They swore that she knew the art of training she-devils and demons and that she was able to trap them in bottles and flasks.
That Joana Machada herself, my mother, was in the habit of courting and fornicating with Satan in order to thus, through illicit agreements with the damned dog, obtain protection, favours and blessings.
Finally they said that she denied God and Jesus Christ and, in secret, was wont to piss on crucifixes and images of saints.
God save my soul!
It was not my mother who made such great and ruinous affronts!
For all they said, related and described, somebody else was certainly meant, the witch named Jacinta, a harlot, unmarried woman of worldly pleasures, also known as Weak-Piss, a criminal, necromantic enchantress who lived on the opposite side of the river, two harquebus shots from the house where we lived.
It was Jacinta Weak-Piss, yes, may God forgive and keep me, she who was truly well known for her evil ways, a perverted woman steeped in poison and malevolence, a twisted old woman forever overcome with wickedness, vileness and filthiness.
But Joana Machada?
It so happens that, besides the clothes she washed for others and the preserves she painstakingly prepared and sold, my mother also did bits of work as a healer and witch-doctor. In addition to that she delivered babies, prepared ointments and household remedies, and saved a good number of sick neighbours with her bloodlettings and purgative herbs.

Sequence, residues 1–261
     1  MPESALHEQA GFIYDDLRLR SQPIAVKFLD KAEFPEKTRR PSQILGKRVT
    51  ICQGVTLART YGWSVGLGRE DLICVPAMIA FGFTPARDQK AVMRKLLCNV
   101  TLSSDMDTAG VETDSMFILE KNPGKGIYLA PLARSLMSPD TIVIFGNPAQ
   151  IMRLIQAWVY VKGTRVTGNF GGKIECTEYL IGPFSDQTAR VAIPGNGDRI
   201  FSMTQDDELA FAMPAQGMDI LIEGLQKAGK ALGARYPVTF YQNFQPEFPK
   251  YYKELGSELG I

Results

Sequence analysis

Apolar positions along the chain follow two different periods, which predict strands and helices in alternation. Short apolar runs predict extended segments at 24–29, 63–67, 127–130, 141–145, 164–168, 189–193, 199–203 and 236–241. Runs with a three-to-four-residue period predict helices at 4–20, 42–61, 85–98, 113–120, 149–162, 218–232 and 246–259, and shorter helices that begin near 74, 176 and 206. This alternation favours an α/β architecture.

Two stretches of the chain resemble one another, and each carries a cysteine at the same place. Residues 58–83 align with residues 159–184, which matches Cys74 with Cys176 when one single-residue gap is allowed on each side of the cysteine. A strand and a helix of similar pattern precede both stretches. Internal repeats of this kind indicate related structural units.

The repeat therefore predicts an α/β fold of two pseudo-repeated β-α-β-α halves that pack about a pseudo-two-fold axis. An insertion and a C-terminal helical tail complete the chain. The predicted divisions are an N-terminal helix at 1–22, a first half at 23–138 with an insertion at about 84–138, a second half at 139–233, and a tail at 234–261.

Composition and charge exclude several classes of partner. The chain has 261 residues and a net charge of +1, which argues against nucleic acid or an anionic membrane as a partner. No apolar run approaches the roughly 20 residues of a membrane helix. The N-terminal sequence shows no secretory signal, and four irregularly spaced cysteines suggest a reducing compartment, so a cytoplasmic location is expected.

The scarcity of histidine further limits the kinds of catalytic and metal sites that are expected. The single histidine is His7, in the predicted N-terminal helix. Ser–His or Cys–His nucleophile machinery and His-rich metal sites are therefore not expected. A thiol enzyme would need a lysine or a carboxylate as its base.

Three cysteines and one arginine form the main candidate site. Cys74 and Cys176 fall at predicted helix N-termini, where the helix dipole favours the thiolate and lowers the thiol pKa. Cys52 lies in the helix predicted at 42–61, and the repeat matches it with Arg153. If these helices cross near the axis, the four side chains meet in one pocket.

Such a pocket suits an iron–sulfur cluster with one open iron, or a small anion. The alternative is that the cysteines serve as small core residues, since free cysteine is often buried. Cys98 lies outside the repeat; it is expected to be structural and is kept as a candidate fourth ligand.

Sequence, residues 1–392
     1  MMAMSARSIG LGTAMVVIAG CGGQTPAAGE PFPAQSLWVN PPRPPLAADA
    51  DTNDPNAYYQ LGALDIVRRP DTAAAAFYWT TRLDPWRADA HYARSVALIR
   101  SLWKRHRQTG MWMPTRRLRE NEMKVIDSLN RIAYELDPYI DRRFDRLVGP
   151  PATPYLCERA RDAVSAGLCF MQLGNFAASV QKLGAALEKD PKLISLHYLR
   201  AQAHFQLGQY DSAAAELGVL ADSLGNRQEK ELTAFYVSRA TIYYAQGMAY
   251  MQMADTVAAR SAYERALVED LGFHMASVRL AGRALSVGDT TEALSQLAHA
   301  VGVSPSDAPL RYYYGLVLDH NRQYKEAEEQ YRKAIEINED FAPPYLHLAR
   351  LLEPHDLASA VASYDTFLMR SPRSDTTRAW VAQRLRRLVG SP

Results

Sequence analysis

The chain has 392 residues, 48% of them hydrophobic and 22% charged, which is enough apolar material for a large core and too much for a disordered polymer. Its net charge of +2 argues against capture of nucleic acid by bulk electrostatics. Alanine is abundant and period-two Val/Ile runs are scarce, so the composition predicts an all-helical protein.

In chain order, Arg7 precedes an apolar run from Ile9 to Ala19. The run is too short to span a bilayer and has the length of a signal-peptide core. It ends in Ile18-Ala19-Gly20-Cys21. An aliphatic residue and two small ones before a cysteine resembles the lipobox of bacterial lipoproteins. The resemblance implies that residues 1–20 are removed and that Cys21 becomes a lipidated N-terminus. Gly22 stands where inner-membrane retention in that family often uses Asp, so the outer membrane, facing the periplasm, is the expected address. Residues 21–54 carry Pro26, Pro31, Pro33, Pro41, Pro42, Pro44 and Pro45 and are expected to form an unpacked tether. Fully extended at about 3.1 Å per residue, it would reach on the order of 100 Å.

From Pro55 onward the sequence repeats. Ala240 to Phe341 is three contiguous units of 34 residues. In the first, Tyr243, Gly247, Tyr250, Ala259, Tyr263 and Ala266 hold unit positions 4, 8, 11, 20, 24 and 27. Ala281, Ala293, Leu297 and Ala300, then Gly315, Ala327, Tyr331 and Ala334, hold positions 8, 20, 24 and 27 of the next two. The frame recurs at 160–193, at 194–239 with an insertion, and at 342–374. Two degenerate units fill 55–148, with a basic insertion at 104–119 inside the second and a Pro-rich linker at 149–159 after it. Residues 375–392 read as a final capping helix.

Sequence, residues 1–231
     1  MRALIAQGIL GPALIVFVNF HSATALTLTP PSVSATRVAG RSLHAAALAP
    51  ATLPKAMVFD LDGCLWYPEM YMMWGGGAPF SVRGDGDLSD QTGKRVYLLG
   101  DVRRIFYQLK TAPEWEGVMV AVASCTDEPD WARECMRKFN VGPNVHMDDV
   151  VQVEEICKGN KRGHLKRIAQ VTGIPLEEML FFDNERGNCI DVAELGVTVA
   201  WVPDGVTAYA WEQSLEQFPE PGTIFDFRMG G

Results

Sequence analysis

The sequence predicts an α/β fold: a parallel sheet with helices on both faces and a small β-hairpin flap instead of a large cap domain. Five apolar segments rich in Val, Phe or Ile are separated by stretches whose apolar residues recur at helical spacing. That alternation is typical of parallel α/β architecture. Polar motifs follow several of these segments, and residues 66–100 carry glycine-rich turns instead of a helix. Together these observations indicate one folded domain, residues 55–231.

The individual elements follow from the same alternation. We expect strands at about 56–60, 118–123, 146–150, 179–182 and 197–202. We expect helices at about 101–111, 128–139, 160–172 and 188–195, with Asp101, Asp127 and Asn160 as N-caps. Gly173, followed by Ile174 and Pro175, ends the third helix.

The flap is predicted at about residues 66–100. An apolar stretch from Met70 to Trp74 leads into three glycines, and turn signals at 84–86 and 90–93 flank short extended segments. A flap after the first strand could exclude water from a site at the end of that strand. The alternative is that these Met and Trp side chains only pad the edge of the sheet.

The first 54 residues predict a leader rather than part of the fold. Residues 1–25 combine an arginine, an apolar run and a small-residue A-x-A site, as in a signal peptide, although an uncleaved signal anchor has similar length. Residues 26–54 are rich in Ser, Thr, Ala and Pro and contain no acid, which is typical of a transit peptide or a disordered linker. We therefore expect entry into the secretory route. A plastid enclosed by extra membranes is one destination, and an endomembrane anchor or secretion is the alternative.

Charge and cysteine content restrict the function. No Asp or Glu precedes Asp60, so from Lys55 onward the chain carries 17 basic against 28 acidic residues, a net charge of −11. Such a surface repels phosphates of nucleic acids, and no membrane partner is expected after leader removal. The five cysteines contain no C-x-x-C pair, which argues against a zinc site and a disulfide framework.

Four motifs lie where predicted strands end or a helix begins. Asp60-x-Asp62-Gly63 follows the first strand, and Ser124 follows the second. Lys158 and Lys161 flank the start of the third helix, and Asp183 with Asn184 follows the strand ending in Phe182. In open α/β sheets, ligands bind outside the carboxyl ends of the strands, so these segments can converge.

I do not deny that Joana Machada sometimes prepared and distributed small cloth bags that she sewed and filled with pieces of roots, amulets and magic seeds. But she did this to occasion luck, to protect, to conjure away evil, to ward off bad humours, fluids and putrid vapours. She always thought to do good and to this end counted not on the powers of the filthy devil, as God is my witness, but São Brandão and Santo Amaro, saints of her devotion, and above all on the blessings of Our Lord Jesus Christ!
Witches bewitch, they bring bad luck to people’s lives and weave curses.
Witch-doctors unbewitch, they bring good luck to people’s lives and weave blessings.
Who does not know that, dear Lord above?!